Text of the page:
Understanding a server replacement cycle

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The big expansion in the volume of data handled by business – often estimated at about 40% per year – coupled with regulatory issues is pushing IT managers towards important decisions on the replacement of ageing servers.

It can of course be tempting to push a server's replacement past the usual two to three year lifespan, but research conduced by IDC indicates that the failure rate for those that are not replaced when their manufacturers recommend increases by 85%, creating a serious risk for mission critical servers.

There is also an issue regarding the installed software. Often, these upgrades will run ahead of the servers they run on, and so are not optimised and can create a maintenance headache for IT managers and system administrators.

Making choices

As the workloads on servers continue to increase, replacing ageing hardware becomes a commercial imperative. Indeed, IT managers can expect servers that are more than five years-old to have about a third more downtime than new hardware.

It's possible to make a financial case for a server refresh by looking closely at the benchmarking that can be done. Servers that show poor performance are ideal candidates for replacement.

Of course, in an age of virtualisation replacing servers can be a hard sell to CIOs. With the vast majority of servers using only about 10% of their capacity at any one time, it is necessary to investigate the virtualisation route, but this should not blinker IT managers into ignoring the risk of ageing servers failing.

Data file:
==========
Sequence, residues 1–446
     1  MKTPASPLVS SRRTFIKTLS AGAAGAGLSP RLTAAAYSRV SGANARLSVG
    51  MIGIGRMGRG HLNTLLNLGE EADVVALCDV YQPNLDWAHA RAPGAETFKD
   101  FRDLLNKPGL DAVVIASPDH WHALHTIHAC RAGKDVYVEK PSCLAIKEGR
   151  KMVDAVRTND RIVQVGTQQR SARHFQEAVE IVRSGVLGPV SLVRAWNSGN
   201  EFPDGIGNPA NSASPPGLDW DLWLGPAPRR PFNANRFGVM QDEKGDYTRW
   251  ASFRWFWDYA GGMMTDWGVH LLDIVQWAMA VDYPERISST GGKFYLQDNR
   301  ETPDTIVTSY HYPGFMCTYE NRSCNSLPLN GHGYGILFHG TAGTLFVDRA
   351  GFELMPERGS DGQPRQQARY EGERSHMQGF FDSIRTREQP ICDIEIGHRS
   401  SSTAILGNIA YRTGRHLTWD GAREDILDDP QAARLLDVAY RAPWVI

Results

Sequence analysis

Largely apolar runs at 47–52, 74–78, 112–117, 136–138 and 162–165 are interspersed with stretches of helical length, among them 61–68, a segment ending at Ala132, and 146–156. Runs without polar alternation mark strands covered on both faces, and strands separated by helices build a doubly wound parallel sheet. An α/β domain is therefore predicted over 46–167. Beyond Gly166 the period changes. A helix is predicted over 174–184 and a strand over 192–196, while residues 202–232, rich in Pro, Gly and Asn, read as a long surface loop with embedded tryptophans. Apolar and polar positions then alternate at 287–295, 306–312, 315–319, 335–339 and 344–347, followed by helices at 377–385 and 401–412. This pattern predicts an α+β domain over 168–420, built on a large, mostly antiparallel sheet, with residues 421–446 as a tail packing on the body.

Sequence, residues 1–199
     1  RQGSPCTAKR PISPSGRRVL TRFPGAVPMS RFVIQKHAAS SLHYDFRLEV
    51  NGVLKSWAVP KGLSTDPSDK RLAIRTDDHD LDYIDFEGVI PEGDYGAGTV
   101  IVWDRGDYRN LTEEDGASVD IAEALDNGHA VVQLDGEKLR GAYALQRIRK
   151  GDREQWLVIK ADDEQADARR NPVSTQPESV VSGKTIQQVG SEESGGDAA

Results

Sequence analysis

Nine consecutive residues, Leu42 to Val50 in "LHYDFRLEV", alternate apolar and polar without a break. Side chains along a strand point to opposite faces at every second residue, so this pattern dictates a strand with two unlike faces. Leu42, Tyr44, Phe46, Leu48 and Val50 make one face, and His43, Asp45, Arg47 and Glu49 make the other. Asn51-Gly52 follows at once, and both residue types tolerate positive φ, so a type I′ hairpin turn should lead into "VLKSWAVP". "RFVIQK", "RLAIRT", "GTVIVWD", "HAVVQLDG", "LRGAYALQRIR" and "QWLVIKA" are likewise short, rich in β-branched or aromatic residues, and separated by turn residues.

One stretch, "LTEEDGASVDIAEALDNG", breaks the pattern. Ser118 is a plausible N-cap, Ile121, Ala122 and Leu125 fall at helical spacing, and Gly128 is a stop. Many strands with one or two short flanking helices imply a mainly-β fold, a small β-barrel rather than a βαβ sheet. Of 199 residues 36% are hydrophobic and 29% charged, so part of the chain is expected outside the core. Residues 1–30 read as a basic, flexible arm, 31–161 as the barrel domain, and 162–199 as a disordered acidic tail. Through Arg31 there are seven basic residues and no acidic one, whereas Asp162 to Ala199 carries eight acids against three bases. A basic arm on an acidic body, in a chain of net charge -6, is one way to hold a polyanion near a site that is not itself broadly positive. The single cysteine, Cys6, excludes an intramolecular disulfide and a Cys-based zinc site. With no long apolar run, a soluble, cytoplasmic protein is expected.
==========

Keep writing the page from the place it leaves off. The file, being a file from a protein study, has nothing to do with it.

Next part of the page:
In a white paper on the issue, IDC says: "Many organisations had previously enacted standard and routine refresh cycles that corresponded with vendors' refresh cycles - typically, about every 18-to-24 months. As companies now deal with their capital constraints, coupled with new demands, they keep their IT infrastructure in operation far beyond what was normally considered useful lifespan.

"A number of IDC studies show a significant decline in the availability and reliability of most x86 servers once they have been in operation for about three to 3.5 years. A regular refresh at about 3.2 years would be appropriate.

"However, many companies are pushing their servers to four or five or more years."

The cloud clearly offers IT managers a number of options when new servers are considered, and more virtualisation on this channel is clearly part of the equation. However, with BYOD presenting new IT challenges and a trend towards the use of private clouds, a hybrid approach to the server replacement cycle is now needed.

Leveraging the resources that a business already has is clearly the first step, but ultimately, the purchase of new servers will be the right course of action for many businesses.